Does sleep elude you after the federal election? Do you need some ideas how to get it back into your life? Look no further. I have it all served up to you on this silver platter (I mean soft wonderful pillow).
The federal parties spoke about a national pharma care plan for their health platforms. While medication is important, it is only one component of what should be part of a complete health care profile or plan.
So, the challenge is this. While we wait for what may become of the national pharma care plan, how about starting to take care of yourself for free?
Bye Bye Sleeping Through The Night
Oh, that elusive sleep. That time to relax and regenerate. To heal and repair.
Sleep isn’t just important for your mind and body to have energy and be alert. Lack of sleep can contribute to serious health issues which you don’t want. So, help yourself first with your sleep; it will be less expensive than pharmacare.
So let me have your attention for this “tip-filled” post on the importance of sleep and how you can get your fair share.
The Science Of Sleep Is Fascinating, Complicated And Growing
Sleep is this daily thing that we all do and yet we’re just beginning to understand all of the ways it helps us and all of the factors that can affect it.
Lack of sleep affects just about everything in your body and mind.
- People who get less sleep tend to be at higher risk for so many health issues like diabetes, and heart disease
- Lack of sleep may also have effects like slower metabolism, weight gain, hormone imbalance, and inflammation
- And don’t forget the impact lack of sleep can have on moods, memory and decision-making skills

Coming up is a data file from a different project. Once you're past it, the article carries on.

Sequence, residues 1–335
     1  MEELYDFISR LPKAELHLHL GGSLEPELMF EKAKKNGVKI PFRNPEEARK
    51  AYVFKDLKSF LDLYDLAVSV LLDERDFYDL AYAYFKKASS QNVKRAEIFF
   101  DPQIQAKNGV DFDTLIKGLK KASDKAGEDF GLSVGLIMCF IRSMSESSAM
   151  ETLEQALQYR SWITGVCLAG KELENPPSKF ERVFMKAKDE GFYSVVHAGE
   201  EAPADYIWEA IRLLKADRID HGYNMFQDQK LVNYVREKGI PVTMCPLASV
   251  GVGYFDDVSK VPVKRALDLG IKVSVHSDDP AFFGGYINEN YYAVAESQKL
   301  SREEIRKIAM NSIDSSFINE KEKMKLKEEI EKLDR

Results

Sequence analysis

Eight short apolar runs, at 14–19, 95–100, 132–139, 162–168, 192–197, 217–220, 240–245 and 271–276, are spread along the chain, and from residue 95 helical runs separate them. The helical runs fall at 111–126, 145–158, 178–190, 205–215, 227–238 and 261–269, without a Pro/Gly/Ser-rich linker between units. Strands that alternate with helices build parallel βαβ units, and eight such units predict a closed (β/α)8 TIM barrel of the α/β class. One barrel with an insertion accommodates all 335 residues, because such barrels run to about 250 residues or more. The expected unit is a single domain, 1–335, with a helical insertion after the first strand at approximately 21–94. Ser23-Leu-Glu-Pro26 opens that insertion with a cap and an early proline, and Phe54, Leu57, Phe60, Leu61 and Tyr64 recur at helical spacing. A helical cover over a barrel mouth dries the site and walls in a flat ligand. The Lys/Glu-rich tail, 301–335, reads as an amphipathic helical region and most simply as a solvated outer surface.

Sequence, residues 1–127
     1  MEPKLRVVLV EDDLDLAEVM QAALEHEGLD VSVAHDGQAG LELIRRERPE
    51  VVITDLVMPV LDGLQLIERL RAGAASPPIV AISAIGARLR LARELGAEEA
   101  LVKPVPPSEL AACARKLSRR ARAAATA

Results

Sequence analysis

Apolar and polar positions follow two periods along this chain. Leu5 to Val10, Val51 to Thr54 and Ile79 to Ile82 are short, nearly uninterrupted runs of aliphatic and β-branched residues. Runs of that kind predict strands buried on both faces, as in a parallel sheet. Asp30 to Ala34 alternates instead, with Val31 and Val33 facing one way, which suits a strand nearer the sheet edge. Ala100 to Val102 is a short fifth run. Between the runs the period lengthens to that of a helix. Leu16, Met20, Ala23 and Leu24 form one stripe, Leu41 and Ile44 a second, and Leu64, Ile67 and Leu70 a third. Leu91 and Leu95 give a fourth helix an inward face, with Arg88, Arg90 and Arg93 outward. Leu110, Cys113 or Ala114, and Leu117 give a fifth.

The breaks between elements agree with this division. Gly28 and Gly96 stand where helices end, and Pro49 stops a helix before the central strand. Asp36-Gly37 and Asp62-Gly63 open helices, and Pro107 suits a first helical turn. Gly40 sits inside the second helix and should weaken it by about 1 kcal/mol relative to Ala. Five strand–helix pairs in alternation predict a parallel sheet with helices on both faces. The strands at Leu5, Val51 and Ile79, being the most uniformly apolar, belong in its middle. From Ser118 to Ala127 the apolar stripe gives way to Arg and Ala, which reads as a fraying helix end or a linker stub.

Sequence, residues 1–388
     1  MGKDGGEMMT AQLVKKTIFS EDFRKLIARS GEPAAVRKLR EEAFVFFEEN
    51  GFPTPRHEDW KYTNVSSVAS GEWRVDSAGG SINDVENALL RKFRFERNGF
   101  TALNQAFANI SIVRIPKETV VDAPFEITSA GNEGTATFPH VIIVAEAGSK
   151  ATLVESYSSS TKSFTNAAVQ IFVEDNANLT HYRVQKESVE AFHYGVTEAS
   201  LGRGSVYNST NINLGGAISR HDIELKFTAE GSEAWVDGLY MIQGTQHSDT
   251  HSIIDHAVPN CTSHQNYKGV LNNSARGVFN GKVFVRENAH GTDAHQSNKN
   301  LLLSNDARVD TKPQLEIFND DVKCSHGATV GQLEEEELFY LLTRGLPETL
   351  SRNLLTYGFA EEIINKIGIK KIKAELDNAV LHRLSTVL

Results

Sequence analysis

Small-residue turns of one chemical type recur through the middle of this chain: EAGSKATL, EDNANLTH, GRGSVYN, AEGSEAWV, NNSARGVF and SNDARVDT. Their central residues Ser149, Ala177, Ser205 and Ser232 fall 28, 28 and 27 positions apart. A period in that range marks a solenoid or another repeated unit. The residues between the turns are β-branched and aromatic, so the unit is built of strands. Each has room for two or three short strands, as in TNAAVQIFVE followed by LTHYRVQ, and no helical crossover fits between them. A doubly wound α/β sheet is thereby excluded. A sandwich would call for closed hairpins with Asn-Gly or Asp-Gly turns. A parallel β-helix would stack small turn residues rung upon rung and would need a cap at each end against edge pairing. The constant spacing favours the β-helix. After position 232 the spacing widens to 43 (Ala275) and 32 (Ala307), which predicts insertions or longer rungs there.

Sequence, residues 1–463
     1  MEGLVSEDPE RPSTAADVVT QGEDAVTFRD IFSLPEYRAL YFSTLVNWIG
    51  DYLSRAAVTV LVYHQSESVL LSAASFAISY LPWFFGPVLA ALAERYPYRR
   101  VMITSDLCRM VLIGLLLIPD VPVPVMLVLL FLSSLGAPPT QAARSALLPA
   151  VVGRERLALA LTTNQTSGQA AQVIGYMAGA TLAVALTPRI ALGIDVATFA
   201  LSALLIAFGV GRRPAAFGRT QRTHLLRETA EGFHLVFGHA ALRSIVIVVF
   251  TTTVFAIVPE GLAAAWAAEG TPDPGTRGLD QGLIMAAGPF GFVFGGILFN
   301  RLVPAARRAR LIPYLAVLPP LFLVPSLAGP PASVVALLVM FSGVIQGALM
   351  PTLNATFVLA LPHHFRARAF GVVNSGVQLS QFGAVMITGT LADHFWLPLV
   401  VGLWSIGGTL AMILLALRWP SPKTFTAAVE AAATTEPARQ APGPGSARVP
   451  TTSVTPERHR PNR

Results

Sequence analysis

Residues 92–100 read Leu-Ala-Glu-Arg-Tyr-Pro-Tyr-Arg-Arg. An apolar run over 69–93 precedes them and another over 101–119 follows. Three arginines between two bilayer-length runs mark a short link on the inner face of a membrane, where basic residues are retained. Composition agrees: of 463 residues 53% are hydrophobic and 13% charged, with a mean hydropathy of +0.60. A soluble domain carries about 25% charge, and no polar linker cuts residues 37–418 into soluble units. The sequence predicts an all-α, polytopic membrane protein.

Do you know that lack of sleep may even negate the health benefits of your exercise program? (Gasp!)
OMG – What aspect of health does sleep not affect???
Knowing this it’s easy to see the three main purposes of sleep:
- To restore our body and mind. Our bodies repair, grow and even “detoxify” our brains while we sleep.
- To improve our brain’s ability to learn and remember things, technically known as “synaptic plasticity”.
- To conserve some energy so we’re not just actively “out and about” 24-hours a day, every day.
Do you know how much sleep adults need? It’s less than your growing kids need but you may be surprised that it’s recommended that all adults get 7 – 9 hours a night. For real!
Try not to skimp on your sleep.
(Don’t worry, I have you covered with a bunch of actionable tips below.)
Tips For Better Sleep
- The biggest tip is definitely to try to get yourself into a consistent sleep schedule. Make it a priority and you’re more likely to achieve it. This means turning off your lights 8 hours before your alarm goes off. Days. A. Week. I know weekends can easily throw this off but by making sleep a priority for a few weeks your body and mind will adjust and thank you for it.
- Balance your blood sugar throughout the day. You know, eat less refined and processed foods and more whole foods (full of blood-sugar-balancing fiber). Choose the whole orange instead of the juice (or orange-flavoured snack). Make sure you’re getting some protein every time you eat.
- During the day get some sunshine and exercise. These things tell your body it’s daytime; time for being productive, active and alert. By doing this during the day it will help you wind down more easily in the evening.
- Cut off your caffeine and added sugar intake after 12pm. Whole foods like fruits and veggies are fine, it’s the “added” sugar we’re minimizing. Yes, this includes your beloved chai latte. Both caffeine and added sugar can keep your mind a bit more active than you want it to be come evening. (HINT: I have a great caffeine-free chai latte recipe for you below!).
- Have a relaxing bedtime routine that starts 1 hour before your “lights out” time (that is 8 – 10 hours before your alarm is set to go off). This would include dimming your artificial lights, nixing screen time and perhaps reading an (actual, not “e”) book or having a bath.
So how many of these tips can you start implementing today?